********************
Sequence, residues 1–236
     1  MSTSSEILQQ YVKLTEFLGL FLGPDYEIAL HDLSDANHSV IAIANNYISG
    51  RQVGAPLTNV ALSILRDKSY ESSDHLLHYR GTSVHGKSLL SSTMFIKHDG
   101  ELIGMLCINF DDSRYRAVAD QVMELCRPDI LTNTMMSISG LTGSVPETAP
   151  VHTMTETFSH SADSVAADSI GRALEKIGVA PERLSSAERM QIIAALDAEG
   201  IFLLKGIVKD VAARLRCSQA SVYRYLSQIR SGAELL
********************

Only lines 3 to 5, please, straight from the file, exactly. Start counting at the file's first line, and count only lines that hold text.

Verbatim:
    51  RQVGAPLTNV ALSILRDKSY ESSDHLLHYR GTSVHGKSLL SSTMFIKHDG
   101  ELIGMLCINF DDSRYRAVAD QVMELCRPDI LTNTMMSISG LTGSVPETAP
   151  VHTMTETFSH SADSVAADSI GRALEKIGVA PERLSSAERM QIIAALDAEG